uturists have worried for years about a coming era of "cyber war." Former counter-terrorism czar Richard Clarke has even written a recent book on the topic, warning of the prospect of a "cyber Pearl Harbor."
That future has now arrived. But it does not quite look the way the experts had predicted.
In November 2010, two cyber-attacks burst into the news within days of each other. The first was carried out against the Islamic Republic of Iran by parties unknown. The attack was revealed in June, but only recently has its devastating effectiveness been fully appreciated.
Here is an extract from a very vivid report by Ed Barnes, writing for the Fox News website. "At Natanz [Iran], for almost 17 months, [the computer virus] Stuxnet quietly worked its way into the system and targeted a specific component – the frequency converters made by the German equipment manufacturer Siemens that regulated the speed of the spinning centrifuges used to create nuclear fuel. The worm then took control of the speed at which the centrifuges spun, making them turn so fast in a quick burst that they would be damaged but not destroyed. And at the same time, the worm masked that change in speed from being discovered at the centrifuges' control panel… In other words the worm was designed to allow the Iranian program to continue [to run] but never succeed and never to know why."
Stuxnet was certainly the work of a wealthy and technologically advanced government. Stuxnet’s construction required an estimated 10,000 person-days of work, highly sophisticated coding skills – and very possibly the cooperation of the corporations whose products were targeted. Some think the worm was designed in Israel; some suggest the United States; some believe it came from a consortium of Western intelligence agencies working together: Stuxnet was just that big a project.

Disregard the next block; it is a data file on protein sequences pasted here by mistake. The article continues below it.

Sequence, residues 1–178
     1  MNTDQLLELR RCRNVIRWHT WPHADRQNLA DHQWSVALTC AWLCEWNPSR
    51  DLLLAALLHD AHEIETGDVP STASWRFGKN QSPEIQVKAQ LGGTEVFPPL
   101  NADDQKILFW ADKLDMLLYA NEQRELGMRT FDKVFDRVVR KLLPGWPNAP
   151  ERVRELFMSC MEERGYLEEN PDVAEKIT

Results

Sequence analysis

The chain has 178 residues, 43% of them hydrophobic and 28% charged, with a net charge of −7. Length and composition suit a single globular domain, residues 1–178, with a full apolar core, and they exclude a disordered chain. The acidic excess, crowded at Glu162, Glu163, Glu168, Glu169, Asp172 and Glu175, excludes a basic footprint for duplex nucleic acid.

Now compare and contrast the other episode of cyberwar: WikiLeaks.
WikiLeaks was the work of a disaffected army private and an eccentric on-the-run Australian political radical, aided by a handful of anonymous volunteers. The technology involved was very basic: servers and a thumb drive. Yet WikiLeaks has done large and enduring damage to the United States. It has put at risk the lives of U.S. allies and informants in Afghanistan and elsewhere in the Middle East.
One of Ed Barnes' sources compared Stuxnet to an F35 fighter in its sophistication. WikiLeaks is more like an improvised explosives device aimed at a high-ranking convoy. WikiLeaks did not require genius, but the people it kills are just as dead.
Moral of the story?
The future of cyber war is likely to be as asymmetric as the future of conventional war. While a "cyber Pearl Harbor" is a terrifying scenario, it's also probably unrealistic: Ultra-sophisticated cyber attacks are likely to be launched by advanced economies rather than aimed against them. That’s because adversaries and enemies of Western countries will either lack the capability to launch Stuxnet style attacks or will be deterred by the threat of even more massive retaliation. (We’re talking to you, Beijing.)
But what those adversaries and enemies of Western countries will be able to do is launch localized, small-scale, non-existential attacks that inflict opportunistic damage, including to public relations.
It is said that the computer changes everything. Not so. The computer creates new battlefields, new modes of waging war. It creates new targets and opens new vulnerabilities. But the computer does not change the most fundamental reality of the international system: differentials in power and wealth exist between states, and are even more pronounced between state and non-state actors. Despite the nihilistic murderousness of al Qaeda, despite the apocalyptic aggression of Iran, and for that matter despite the adolescent recklessness of WikiLeaks, you still gotta like our cards better than theirs.
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